“Welcome to the Hotel Metropolitan”

Rick Nielsen’s Hamer’s 5 Neck Guitar circa 1981

My mind is Tiffany-twisted, I got the Mercedes-bends. Seriously, I have not recovered from yesterday’s press preview for “Play it Loud: Instruments of Rock & Roll” (opening April 8 through “Rocktober” 1) in which Don Felder, original member of The Eagles picked up his white double-neck guitar and serenaded us with his iconic solo from “Hotel California.” The musician who’s played stadiums with hundreds of thousands of people admitted to being much more nervous for this intimate crowd of press! The notes hung in the rarefied yet humid air — among the Greek and Roman statues in the Carroll and Milton Petrie European Sculpture Garden – a far cry from my memories of the beach in Ocean City, New Jersey during high school Shore Week.

Buddy Holly’s Gibson J-45 circa 1943/44

In all fairness I had seen the clip on CBS Sunday Morning and just had that sneaking suspicion that Felder was our “special guest” for this first major exhibition in an art museum dedicated entirely to the iconic instruments of rock and roll. These 130 items date from 1939-2017 and include so many legendary artists from Chuck Berry to Prince, from Don Everly to Eric Clapton, from Muddy Waters to Keith Richards, from Elvis to The Beatles and The Who.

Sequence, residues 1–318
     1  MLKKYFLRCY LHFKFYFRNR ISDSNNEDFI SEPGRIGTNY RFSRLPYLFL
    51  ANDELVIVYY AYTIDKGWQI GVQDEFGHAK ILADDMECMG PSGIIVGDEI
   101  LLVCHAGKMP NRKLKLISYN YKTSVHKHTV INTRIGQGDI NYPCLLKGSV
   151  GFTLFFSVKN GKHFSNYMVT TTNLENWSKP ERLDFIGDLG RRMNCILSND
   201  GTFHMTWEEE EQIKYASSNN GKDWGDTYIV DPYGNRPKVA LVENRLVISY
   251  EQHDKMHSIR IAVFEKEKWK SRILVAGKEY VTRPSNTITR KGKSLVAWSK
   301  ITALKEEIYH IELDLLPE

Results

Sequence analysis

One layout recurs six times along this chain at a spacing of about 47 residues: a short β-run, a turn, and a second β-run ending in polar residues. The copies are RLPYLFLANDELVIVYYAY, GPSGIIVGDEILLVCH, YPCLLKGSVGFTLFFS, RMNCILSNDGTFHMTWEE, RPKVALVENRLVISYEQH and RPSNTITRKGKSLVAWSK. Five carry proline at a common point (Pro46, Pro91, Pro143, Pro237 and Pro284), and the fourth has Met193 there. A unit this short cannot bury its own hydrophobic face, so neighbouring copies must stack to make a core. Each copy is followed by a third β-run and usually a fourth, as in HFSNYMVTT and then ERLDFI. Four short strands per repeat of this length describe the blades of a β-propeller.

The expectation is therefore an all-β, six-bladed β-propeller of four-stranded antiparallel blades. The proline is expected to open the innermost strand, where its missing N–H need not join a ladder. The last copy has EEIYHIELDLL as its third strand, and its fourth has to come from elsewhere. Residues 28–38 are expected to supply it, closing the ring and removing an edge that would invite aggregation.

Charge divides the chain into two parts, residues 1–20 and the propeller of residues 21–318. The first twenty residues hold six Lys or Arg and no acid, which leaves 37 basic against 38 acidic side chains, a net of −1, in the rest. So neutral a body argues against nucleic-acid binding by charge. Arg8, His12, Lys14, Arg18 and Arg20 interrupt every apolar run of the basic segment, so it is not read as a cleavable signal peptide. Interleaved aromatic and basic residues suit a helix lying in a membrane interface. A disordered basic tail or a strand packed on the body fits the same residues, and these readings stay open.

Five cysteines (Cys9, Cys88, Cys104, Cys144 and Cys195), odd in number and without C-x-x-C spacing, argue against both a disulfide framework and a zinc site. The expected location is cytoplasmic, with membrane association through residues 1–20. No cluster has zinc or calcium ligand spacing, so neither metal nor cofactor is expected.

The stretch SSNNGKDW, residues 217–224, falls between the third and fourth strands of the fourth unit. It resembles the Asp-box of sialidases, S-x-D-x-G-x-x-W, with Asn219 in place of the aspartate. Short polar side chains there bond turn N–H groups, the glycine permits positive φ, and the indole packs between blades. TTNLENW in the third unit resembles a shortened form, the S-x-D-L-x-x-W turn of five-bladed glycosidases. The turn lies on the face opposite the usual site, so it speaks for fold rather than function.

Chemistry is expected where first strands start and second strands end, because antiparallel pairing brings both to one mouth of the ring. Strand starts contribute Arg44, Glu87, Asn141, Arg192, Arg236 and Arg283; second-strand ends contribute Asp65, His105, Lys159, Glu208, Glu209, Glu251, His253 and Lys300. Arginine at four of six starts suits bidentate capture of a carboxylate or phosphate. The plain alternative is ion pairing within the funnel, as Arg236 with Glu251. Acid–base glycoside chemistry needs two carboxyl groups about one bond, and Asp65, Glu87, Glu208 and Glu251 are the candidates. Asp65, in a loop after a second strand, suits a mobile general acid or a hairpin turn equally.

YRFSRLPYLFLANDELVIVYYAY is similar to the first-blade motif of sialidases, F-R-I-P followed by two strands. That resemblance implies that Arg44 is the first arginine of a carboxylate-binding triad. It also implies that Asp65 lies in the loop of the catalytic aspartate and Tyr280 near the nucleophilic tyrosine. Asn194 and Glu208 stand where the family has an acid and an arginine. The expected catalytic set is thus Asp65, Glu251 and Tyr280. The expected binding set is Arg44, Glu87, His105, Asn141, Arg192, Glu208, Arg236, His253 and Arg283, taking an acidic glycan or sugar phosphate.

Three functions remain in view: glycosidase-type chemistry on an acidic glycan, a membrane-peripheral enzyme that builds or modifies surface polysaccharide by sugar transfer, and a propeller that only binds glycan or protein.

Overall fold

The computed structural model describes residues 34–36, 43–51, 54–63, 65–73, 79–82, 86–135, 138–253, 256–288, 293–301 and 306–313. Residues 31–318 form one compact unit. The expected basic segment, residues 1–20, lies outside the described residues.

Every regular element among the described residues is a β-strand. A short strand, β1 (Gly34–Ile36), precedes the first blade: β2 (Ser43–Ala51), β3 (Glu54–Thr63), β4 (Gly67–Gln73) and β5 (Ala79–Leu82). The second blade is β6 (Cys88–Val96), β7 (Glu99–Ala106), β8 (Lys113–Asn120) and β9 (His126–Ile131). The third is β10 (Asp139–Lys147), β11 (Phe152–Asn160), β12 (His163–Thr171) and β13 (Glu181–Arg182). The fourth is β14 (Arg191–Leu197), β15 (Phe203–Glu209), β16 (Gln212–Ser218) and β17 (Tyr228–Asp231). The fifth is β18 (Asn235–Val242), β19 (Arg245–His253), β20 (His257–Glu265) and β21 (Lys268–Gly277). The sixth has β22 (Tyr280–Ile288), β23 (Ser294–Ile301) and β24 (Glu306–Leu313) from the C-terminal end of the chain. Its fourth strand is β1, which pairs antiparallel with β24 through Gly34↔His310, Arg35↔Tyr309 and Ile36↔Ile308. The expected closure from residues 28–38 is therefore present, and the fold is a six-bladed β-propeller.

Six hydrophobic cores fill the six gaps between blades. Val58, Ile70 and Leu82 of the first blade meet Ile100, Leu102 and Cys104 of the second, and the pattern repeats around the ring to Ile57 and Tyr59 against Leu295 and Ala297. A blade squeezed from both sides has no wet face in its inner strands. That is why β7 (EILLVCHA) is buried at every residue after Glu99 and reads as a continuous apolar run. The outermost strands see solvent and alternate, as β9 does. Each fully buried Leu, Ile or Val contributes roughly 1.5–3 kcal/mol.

Jimmy Page of Led Zeppelin

But that wasn’t all – be still my boomer heart — Steve Miller of The Steve Miller Band and Jimmy Page (JIMMY freaking PAGE!!! The Yardbirds, Led Zeppelin), Tina Weymouth (bassist and founding member of Talking Heads and TomTom Club with her drummer husband Chris Frantz) were also in attendance and spoke although they did not play guitar. Cue one of my favorite John Cougar Mellencamp lyrics: “All women around the world want a phony rock star who plays guitar.” Call me an old groupie — I can appreciate the wimmins who rock (they tried to be inclusive here featuring Joan Jett, Sheryl Crow, Patti Smith ,Nancy Wilson, Kim Gordon, Wanda Jackson, Kate Pierson, St. Vincent, Lady Gaga, and others ) but there’s just something about a guy with a guitar! Actually, drummers and keyboardists aren’t so bad either.

Max Hollein Director of the Met

“When I was 11 or 12 years old I used to take my guitar to school – I’d have it confiscated until the end of the day. That’s the kind of respect that a guitar got then,” said Miller who added that with this exhibition he’d like to show those educators a thing or two now. “This day today is something that I would never have dreamed of. I’m stunned by the power and elegance” of the instruments on display and “the wisdom of The Met” who sought to do this exhibition (in conjunction with Cleveland’s Rock & Roll Hall of Fame) after musician’s instruments faced “years of trivialization.” The “Fly like an Eagle” artist (what is it with musicians and birds?) remarked that Jayson Kerr Dobney, Frederick P. Rose Curator in Charge of the Department of Musical Instruments, had a good eye when choosing objects to display. “I have about 400 guitars and Jayson came in and picked out the best ones,” he said using this moment to bequeath a 1961 Les Paul painted by surfboard artist Bob Cantell to the museum “when I’m done with it.” So hopefully not for a looong time!

Guitars used by Cream Left: “The Fool”; Right Bass “VI”